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Vacuum 80 (2006) 494–498 www.elsevier.com/locate/vacuum
Photoinduced hydrophilicity of titanium dioxide thin ﬁlms prepared by cathodic electrodeposition S. Karuppuchamya,b,, J-M. Jeonga, D.P. Amalnerkarc, H. Minourab a Molecular Engineering Institute, Kinki University, 11-6 Kayanomori, Iizuka, Fukuoka 820-8555, Japan Environmental and Renewable Energy Systems Division, Graduate School of Engineering, Gifu University, Yanagido 1-1, Gifu 501-1193, Japan c Thick Film Materials & Electronic Packaging Division, Centre for Materials for Electronics Technology, Panchawati, Off Pashan Road, Pune 411008, India
Received 6 April 2005; received in revised form 1 June 2005
Abstract Crystal structure and microstructural properties of titanium dioxide thin ﬁlms prepared by cathodic electrodeposition on indium-tin-oxide coated glass substrates from aqueous peroxo-titanium complex solutions have been investigated as a function of sintering temperature (25–500 1C) for the ﬁrst time. We have noticed pronounced photoinduced hydrophilicity for such thin ﬁlms on exposure to ultraviolet (UV) light illumination. It was observed that all the ﬁlms, irrespective of their crystalline nature (amorphous and crystalline), display transformation from hydrophobic to superhydrophilic behavior upon UV illumination. This observation can be correlated with typical nanoporous morphology of electrodeposited TiO2 ﬁlms. r 2005 Elsevier Ltd. All rights reserved. Keywords: Electrodeposition; Heat treatment; Titanium dioxide; Hydrophilicity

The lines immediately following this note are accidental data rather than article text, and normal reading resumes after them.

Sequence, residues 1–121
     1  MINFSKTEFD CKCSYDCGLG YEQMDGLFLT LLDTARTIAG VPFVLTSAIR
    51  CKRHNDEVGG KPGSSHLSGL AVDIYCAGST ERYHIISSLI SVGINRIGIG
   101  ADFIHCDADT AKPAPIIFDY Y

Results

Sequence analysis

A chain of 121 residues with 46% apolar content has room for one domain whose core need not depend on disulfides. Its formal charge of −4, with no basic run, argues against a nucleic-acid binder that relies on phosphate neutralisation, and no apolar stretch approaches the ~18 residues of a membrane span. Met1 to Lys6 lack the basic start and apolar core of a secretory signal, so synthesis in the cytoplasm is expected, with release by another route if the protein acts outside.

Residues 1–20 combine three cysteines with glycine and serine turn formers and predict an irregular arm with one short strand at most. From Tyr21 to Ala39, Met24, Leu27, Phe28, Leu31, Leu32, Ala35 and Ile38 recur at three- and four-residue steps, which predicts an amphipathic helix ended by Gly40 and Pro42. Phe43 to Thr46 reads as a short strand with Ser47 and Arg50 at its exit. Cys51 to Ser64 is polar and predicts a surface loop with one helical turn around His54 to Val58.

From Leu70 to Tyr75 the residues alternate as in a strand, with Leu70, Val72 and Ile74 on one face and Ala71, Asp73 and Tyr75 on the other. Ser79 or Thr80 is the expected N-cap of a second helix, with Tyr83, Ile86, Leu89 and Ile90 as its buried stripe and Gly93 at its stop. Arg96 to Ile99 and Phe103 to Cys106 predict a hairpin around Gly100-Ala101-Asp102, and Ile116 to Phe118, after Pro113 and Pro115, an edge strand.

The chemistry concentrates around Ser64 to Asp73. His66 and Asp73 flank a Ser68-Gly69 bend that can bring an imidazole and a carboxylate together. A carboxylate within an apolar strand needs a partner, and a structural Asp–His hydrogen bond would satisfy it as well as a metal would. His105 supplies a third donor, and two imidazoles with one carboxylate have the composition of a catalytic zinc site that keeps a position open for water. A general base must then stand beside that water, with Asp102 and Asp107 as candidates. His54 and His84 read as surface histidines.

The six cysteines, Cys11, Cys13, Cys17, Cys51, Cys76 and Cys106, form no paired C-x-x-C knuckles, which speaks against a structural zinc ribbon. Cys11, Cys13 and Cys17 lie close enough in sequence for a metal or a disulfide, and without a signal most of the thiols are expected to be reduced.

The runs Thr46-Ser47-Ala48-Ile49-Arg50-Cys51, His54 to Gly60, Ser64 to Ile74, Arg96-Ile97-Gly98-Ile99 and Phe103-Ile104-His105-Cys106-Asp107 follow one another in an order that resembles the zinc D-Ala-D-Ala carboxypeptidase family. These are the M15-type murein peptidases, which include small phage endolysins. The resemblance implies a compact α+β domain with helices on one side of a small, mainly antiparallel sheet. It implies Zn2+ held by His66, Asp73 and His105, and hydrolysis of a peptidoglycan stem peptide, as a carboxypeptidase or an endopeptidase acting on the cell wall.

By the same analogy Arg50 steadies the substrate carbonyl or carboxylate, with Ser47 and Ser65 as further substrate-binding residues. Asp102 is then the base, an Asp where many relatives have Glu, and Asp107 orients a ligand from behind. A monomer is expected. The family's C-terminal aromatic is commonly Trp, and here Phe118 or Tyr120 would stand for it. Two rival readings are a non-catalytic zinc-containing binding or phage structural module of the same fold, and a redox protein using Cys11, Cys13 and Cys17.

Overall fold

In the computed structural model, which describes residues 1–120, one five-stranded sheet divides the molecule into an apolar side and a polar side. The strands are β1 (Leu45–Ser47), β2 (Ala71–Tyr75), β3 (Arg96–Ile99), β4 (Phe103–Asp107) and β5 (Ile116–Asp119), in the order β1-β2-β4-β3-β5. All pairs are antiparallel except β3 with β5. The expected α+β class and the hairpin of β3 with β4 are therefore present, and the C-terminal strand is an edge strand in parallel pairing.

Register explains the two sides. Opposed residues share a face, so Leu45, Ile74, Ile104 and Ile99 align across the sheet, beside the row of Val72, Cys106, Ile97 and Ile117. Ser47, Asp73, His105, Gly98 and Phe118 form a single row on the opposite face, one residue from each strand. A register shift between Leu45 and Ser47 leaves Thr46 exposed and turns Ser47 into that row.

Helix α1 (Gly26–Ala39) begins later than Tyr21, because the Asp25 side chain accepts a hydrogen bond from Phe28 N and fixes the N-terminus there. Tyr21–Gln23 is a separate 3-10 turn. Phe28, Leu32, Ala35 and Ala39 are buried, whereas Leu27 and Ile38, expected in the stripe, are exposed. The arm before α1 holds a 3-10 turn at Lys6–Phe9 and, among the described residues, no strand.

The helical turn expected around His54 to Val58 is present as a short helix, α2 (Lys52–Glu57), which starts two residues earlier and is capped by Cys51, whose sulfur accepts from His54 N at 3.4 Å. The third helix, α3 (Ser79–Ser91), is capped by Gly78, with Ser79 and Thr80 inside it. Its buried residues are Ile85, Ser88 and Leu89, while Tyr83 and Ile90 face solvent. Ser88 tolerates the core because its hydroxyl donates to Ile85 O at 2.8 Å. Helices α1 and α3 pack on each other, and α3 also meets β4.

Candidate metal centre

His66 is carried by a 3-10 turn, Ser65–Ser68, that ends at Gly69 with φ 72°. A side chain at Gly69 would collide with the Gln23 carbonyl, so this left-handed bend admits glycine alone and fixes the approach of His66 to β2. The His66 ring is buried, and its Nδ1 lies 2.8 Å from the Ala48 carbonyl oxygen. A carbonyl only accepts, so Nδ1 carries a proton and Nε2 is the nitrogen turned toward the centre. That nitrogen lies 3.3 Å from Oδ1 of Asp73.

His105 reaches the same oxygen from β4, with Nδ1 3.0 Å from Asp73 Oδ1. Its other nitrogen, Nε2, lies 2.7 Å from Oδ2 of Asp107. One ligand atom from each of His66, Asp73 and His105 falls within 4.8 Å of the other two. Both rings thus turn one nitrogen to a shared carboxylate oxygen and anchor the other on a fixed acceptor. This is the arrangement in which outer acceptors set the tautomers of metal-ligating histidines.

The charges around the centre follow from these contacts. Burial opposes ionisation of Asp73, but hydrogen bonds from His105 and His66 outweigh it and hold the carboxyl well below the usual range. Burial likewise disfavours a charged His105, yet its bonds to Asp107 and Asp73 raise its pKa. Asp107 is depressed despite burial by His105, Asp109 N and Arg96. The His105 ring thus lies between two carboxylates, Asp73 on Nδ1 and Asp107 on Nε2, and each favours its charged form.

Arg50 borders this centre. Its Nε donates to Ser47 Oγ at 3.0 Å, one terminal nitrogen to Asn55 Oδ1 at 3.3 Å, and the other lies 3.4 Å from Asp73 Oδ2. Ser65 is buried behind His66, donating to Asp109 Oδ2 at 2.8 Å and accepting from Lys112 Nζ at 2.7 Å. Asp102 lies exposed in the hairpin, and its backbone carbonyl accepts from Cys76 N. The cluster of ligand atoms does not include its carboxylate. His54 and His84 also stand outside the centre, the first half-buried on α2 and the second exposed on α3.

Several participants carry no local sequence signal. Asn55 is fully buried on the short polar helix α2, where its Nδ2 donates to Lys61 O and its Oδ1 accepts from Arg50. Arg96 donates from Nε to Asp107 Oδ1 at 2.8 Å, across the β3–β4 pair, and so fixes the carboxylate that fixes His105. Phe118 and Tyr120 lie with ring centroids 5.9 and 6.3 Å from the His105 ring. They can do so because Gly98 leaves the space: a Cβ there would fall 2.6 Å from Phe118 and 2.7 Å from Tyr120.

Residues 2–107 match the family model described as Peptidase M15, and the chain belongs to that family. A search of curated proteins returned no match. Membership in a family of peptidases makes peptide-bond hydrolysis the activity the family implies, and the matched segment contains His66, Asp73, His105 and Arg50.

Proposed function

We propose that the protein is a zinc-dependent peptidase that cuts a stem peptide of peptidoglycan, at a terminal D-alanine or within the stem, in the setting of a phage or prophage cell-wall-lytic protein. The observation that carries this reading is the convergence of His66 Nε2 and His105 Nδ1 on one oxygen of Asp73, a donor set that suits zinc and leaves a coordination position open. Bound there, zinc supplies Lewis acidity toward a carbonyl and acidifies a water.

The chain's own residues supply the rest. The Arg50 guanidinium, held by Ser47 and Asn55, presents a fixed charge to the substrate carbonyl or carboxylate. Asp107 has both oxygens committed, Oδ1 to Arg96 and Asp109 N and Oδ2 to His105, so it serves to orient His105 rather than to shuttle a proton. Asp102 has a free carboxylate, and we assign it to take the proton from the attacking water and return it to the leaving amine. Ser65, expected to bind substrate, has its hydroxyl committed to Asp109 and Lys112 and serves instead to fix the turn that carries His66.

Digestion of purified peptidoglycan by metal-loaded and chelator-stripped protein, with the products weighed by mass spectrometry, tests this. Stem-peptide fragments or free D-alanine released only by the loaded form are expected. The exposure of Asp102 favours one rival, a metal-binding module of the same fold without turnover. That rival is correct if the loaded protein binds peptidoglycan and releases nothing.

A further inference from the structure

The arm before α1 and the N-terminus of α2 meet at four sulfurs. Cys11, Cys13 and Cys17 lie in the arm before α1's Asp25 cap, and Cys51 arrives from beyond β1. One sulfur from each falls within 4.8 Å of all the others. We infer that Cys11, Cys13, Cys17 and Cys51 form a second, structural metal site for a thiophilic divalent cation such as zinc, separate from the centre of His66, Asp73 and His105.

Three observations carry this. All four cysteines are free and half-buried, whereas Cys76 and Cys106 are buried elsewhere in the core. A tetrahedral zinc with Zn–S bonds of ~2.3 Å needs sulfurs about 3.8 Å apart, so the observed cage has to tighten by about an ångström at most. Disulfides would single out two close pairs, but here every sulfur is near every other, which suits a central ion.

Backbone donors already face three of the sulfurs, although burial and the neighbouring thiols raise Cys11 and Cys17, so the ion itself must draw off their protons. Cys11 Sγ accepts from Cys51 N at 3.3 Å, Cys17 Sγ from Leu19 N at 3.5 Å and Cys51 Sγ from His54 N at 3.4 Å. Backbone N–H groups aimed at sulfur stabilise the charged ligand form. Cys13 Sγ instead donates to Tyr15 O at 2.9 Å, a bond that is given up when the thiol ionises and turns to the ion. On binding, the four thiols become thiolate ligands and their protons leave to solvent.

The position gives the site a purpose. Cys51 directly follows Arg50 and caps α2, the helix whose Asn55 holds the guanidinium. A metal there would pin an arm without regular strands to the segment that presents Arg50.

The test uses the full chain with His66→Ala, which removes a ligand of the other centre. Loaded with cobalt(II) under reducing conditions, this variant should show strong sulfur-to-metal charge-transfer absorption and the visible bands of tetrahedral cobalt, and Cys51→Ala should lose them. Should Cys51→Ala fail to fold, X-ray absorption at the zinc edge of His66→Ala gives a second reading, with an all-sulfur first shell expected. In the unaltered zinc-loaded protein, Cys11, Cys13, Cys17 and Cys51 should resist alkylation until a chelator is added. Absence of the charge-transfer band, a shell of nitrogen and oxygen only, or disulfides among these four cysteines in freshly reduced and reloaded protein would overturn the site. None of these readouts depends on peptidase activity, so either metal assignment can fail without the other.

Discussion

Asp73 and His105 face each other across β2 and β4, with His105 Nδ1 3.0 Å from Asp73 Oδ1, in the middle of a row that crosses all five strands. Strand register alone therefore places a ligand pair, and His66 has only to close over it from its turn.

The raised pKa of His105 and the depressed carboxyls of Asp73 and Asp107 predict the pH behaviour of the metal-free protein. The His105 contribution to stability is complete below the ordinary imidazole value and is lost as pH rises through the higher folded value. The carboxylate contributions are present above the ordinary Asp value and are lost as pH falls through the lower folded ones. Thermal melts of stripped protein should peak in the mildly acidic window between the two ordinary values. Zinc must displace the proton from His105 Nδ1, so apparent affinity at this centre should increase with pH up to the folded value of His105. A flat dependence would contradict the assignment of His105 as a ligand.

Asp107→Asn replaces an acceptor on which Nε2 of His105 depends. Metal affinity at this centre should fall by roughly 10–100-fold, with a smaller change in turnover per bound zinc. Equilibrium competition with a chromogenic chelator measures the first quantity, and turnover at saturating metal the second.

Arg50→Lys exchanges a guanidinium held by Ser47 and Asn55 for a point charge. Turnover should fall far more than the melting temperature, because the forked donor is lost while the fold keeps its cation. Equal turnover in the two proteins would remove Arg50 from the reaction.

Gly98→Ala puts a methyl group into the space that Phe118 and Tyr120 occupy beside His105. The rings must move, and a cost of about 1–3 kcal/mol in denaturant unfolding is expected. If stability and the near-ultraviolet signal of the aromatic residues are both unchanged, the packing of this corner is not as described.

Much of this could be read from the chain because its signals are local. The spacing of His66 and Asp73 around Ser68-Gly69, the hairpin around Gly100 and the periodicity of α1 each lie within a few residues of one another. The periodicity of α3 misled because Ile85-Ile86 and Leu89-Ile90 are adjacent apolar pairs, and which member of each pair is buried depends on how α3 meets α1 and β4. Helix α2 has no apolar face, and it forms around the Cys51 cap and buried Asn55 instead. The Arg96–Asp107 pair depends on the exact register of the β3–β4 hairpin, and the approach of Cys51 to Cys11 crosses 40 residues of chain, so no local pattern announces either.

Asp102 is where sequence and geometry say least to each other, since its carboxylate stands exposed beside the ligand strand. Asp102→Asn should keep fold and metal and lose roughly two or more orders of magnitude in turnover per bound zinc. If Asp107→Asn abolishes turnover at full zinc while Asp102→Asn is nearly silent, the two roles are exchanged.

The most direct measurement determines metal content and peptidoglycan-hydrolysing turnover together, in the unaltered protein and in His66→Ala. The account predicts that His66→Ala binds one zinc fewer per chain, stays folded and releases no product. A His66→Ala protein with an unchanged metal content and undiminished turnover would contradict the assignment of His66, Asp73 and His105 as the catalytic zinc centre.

1. Introduction Nanostructured semiconductor oxide materials have recently attracted a great deal of attention Corresponding author. Molecular Engineering Institute, Kinki University, 11-6 Kayanomori, Iizuka, Fukuoka 8208555, Japan. Tel./fax: +81 948 22 7336. E-mail address: [email protected]
owing to their excellent optical , chemical , photoelectrochemical  and electronic properties . Among the metal oxides, nanocrystalline TiO2 is one of the most investigated materials owing to its important applications in environmental cleanup , photocatalysis , dye-sensitized solar cells [3,7–9] and gas sensors . Furthermore, the TiO2 surface shows super-hydrophilic character with an irradiation of ultraviolet (UV) light. Hence, the TiO2 thin ﬁlms coated on a window glass, a light bulb, ceramic
0042-207X/$ - see front matter r 2005 Elsevier Ltd. All rights reserved. doi:10.1016/j.vacuum.2005.06.005